In a sense, black holes are no different than elementary particles [in particle physics] because we only need to specify a few parameters [to describe these]. The same with black holes - [they] are the elementary particles of general relativity.
Are black holes the biggest open mystery of general relativity?
Yes. Black holes are a prediction of general relativity and we know of several instances in nature where we think that they should occur, but we haven't detected them yet. So it's still an open question whether they [exist] or not, or whether they have the properties that general relativity predicts. [Please note that since this interview evidence for black holes has been discovered. See here.]
This is important because most of the tests [of] general relativity [involve] situations where gravity is weak, or relatively weak. For example, we've tested bending of light, the precession of the perihelion of Mercury.
Detecting black holes would be important because the signals that we would get, namely those gravitational waves, would be generated in regions where gravity is very strong. It would allow us to test the strong field regime of general relativity, which is something that we haven't been able to do so far. This would put very strong tests on general relativity, so it's very important that we [observe] black holes: [the observations would give us] a completely new window into general relativity.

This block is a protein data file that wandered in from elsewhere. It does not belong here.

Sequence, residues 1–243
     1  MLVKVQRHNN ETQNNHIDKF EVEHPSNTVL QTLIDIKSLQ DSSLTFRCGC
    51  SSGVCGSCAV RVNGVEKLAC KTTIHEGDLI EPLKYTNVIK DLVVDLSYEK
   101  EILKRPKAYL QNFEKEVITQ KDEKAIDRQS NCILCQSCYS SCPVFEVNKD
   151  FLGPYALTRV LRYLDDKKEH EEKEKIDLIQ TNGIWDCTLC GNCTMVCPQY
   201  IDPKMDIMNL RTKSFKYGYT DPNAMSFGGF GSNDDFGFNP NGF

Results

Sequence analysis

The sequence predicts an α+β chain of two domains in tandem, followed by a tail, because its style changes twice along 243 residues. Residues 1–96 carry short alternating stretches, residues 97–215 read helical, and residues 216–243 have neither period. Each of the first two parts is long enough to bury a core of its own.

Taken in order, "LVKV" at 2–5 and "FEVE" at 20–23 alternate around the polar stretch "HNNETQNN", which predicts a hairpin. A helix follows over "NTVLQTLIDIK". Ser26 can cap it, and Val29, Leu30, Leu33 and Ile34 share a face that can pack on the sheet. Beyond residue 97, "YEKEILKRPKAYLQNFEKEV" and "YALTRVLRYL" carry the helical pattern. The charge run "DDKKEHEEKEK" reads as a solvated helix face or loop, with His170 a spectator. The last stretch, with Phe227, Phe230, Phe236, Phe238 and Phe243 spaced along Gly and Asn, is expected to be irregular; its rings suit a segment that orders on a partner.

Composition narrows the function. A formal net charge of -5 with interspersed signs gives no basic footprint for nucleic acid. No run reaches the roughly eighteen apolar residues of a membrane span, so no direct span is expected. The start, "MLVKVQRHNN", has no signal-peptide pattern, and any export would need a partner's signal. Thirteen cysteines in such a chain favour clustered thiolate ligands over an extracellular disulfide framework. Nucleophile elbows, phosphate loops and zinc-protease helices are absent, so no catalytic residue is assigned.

Watch the full interview with Figueras in this video or listen to it as a podcast.
About this article
Pau Figueras is Stephen Hawking advanced postdoctoral research fellow at the University of Cambridge.